The Shelley-Godwin Archive is pleased to announce the public release of Percy Bysshe Shelley’s Prometheus Unbound fair copy notebooks, Bodleian MSS. Shelley e.1, e.2, and e.3. Beyond the fair copy of what is arguably Shelley’s greatest poem, these notebooks contain fair copies of his lyric poems “Ode to Heaven” and “Misery.—A Fragment,” as well as his draft translation of Plato’s Ion.
As with our earlier release of the Frankenstein manuscripts, these manuscripts all appear as high quality page images accompanied by full transcriptions, and they are encoded in a schema based upon the Text Encoding Initiative’s guidelines for “Representation of Primary Resources,” enabling researchers, editors, and students to pursue a variety of scholarly investigations. Our encoding captures important aspects of the composition process, tracing the revisionary evolution of primary manuscripts and enabling users to see and search for additions, deletions, substitutions, retracings, insertions, transpositions, shifts in hand, displacements, paratextual notes, and other variables related to the composition process.
Prometheus Unbound, itself, was first published in 1820 in a volume entitled Prometheus Unbound: A Lyrical Drama in Four Acts, With Other Poems (hereafter 1820). No poem caused Shelley (PBS) more pains to compose or occupied him for so long. It took him almost a year and a half to write the principal parts of the poem, beginning in late August or early September 1818 and ending in December 1819. But he appears to have been planning the poem as early as March 1818, and to be revising it as late as May 1820.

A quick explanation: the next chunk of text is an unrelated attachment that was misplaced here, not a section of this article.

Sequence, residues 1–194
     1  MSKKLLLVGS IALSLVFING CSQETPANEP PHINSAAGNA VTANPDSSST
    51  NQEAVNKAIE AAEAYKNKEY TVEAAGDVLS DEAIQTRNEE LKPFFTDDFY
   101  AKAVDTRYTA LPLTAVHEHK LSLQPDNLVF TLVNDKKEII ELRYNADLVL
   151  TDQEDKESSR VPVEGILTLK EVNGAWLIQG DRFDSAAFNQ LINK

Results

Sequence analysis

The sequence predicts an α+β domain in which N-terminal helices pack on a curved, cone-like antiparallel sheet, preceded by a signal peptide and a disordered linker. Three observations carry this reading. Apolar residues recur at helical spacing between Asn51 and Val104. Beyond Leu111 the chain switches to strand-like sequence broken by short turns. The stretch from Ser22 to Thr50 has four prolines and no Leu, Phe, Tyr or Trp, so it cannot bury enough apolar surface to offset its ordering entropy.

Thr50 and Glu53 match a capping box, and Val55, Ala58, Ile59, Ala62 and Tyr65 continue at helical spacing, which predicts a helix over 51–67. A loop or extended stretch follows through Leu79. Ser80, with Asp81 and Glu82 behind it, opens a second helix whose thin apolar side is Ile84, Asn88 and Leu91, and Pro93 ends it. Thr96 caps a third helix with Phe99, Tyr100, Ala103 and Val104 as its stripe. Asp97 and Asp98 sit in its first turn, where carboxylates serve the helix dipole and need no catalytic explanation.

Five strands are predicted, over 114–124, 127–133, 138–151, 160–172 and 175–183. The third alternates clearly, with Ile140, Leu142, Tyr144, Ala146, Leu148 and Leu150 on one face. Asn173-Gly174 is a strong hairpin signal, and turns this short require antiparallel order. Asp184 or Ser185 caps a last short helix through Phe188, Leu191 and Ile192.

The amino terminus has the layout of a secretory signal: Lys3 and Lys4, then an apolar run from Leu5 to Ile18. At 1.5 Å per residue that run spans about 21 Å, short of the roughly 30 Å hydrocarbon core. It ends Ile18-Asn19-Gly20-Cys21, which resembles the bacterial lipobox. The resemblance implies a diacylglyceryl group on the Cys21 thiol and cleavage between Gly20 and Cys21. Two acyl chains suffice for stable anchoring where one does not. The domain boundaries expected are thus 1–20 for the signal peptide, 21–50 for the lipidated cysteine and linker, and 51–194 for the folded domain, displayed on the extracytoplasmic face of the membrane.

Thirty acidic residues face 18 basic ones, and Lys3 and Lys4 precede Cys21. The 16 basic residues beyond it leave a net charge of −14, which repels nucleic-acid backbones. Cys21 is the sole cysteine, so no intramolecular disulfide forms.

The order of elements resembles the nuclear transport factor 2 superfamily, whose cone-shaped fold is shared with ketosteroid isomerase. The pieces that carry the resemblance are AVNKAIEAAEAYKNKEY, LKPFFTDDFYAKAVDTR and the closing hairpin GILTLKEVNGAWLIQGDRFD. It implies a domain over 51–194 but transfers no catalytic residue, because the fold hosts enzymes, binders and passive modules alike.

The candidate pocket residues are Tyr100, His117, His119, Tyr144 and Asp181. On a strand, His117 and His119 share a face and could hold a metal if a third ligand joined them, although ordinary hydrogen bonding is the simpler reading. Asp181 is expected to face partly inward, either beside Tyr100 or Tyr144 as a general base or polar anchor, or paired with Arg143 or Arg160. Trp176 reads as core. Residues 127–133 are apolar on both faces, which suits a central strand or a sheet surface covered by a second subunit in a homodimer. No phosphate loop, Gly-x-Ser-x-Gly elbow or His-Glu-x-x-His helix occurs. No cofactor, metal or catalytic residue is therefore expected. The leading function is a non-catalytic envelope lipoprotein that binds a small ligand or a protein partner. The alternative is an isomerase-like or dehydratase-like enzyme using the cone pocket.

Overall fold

The intermediate fair copy of Prometheus Unbound located in e.1-e.3 served as PBS’s safekeeping copy; and he recorded in it revisions made to the poem after the press transcript had already been sent to England from Italy. Mary W. Shelley transcribed for the press most or all of Acts 1-3 between 5 and 12 September 1819, and all of Act 4 in mid-December 1819. As was his usual practice, PBS appears to have corrected the press transcripts, making a series of small final revisions to prepare the poem for the press. It is by now a commonplace that he was extremely dissatisfied with the published text of 1820, the only edition of Prometheus Unbound to appear during his lifetime, for which he was not allowed to read proof. But the “formidable list” of errata he prepared for that text has been lost or destroyed—as has been the press transcript itself, which best would have reflected his intentions for the printed text. The last surviving manuscript of Prometheus Unbound in PBS’s hand, these notebooks are the necessary starting point for all those who desire to better their understanding of Shelley’s greatest poetic achievement.
For this release, the S-GA team invested in refining the design of the site to improve users’ experience of navigating the rich contents of the Archive. Most notably, the contents of S-GA can all be accessed by Manuscript (with page images ordered by their sequence in the manuscript), or by Work (with page images ordered by their linear sequence in the work, e.g., Acts and scenes). The Frankenstein manuscript page images have been refactored so that they can be accessed in all of the complicated arrangements and rearrangements through which they have descended to us over time.
Our next planned release for S-GA in late Spring 2016 will increase its contents by an order of magnitude, with several thousand as yet untranscribed page images. We continue to work behind the scenes on opening the Archive to participatory curation.